When freestyle snowmobiler Hop Issaluk and Coral Harbour Mayor Willie Nakoolak set out on a cross country trek to Yellowknife from Baker Lake they hoped to make it there and back in 10 days.
However, as often happens on the land Mother Nature had other plans.
“It was definitely one of those adventures that pushed your buttons all the way through. I enjoyed it despite all the circumstances,” said Issaluk. “My biggest takeaway is to respect nature.”
The trip was organized by Issaluk, who had planned to pick up a large jump ramp from two snowmobilers from Cold Lake, Alta. They had arranged for the ramp to be delivered up the ice road form Yellowknife, where Issaluk and Nakoolak would meet them.
Issaluk, who is the first Inuk to race on the professional circuit in southern Canada, said his hope in bringing the ramp back to Rankin Inlet was to one day bring freestyle snowmobiling into Nunavut.
“That way we could have a lot of local riders turn their hobby into a profession.” he told Kivalliq News.
Issaluk had already booked off 10 days from work when his original partner for the trip had to back out due a work obligation. When Nakoolak read about Issaluk’s situation online he reached out.
“He actually approached me saying he is willing to help me,” said Issaluk, whose niece is married to Nakoolak’s son.
After a week and a half of preparations, Nakoolak had his sled shipped to Rankin Inlet and the two men set off for Baker Lake on March 27.
The first sign that things might not go their way came when they arrived in Baker and got snowed in for two days.
Once it cleared the two men set off along the Thelon River. Issaluk said the conditions along the way were awful.
“It was rough as heck,” he said. “All the snow drifts were almost a foot high so we were doing less than 20 km/hour.”
They ended up making it to the water survey cabin along the Thelon River, where they decided to unpack and stay for the night. However, that night another blizzard rolled through.
“What we thought was going to be one day ended up doing six days or so.”
Snowed in for six days
For the six days they were stuck in the cabin Issaluk said they did their best to keep busy by playing cards and making sure their gear, including a diesel generator, was in working order. Luckily, they had lots of supplies and fresh caribou thanks to Nakoolak who shot one on the Thelon right before the blizzard hit.
“We gambled a few cigarettes here and there. We went down to the water to chisel ice. We were fortunate to have a diesel heater. Every so often we could clear off the snowmobiles and qamutiik.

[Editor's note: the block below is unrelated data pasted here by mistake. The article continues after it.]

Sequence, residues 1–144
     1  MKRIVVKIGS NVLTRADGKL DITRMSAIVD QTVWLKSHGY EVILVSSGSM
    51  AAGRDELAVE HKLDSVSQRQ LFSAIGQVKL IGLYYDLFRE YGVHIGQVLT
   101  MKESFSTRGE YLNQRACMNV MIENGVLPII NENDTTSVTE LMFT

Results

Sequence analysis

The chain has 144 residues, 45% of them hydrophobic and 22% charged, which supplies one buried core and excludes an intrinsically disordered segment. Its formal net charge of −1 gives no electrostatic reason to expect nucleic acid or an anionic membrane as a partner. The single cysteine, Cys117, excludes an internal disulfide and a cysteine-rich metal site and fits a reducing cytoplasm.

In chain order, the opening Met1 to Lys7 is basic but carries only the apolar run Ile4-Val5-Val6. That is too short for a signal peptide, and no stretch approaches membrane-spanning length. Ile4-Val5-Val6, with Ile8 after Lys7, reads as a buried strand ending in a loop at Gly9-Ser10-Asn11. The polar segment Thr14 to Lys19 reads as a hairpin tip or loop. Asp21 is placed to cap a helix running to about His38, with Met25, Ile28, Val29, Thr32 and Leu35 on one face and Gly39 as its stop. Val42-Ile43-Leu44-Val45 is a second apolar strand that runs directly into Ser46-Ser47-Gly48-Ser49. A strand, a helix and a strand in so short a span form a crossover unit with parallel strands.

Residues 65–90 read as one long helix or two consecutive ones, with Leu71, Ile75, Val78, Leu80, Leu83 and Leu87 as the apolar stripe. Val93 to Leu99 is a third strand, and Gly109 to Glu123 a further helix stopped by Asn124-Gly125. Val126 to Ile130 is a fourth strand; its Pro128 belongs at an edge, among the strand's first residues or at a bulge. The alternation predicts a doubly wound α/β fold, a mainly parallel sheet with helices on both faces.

We did a lot of maintenance on the generator just to keep that going. And we made a lot of phone calls to family members just to make sure we were OK.”
Issaluk, who is a volunteer with the Rankin Inlet Fire Department and Search and Rescue, also spent a lot of time reading the journal that is left in the cabin.
“Just the fact that most of the journals are pre-social media. It just puts you back on your feet and makes you realize life should be like that,” he said, adding that most of the entries he read were from the 1970s. “It makes you feel humbled. And it makes you feel there was a time before Facebook where things were written down and you got to dive down into someone’s experiences.”
By the time the blizzard finally cleared, Issaluk couldn’t get his snowmobile started. The two men did their best to get it working for two days, with canvas tarps slung over the sleds and three Coleman stoves to try and thaw the machine.
“We spent a good two days working on everything until everything was running,” said Issaluk.
Once Issaluk’s sled finally started up they received an update from Yellowknife that the ice road was closing so they made the decision to call off the trip. The day wasn’t all bad though as both Issaluk and Nakoolak were able to shoot their first ever moose. Still, their journey was far from over.
Just eight kilometres from the water survey cabin, Issaluk’s sled seized up. Once they realized they couldn’t fix the sled themselves they called up Mike Nukapiak and Kyle Netser in Baker Lake, asking them to deliver a part to them.
It took them a day and half to arrive, during which time Nukapiak’s sled also broke down. After lots more repairs and rearranging of equipment, the four men regrouped and started making their way slowly back to Baker Lake.
“We had to leave two qamutiik behind and Mike’s snowmobile,” said Issaluk, who also had to leave his machine behind.
After all the ordeals they had to go through, Isssaluk and Nakoolak finally pulled in to Baker Lake at around 5:30 a.m. on April 10.
Since returning, Issaluk said he has spoken with the two snowmobilers from Alberta, and he plans to have the snowmobile jump delivered by cargo. He is also trying to make arrangements to have his snowmobile recovered by a survey helicopter.
Although Issaluk wasn’t successful in achieving his original mission, he said the trip was an experience of a lifetime.
“It’s one of those things that helps you grow mentally, physically, spiritually and physically. Much more than what society makes you go through,” he said.
“In the end you’re happy you went through it all. You’re pleased it’s over and you’re pleased you got to go through it.”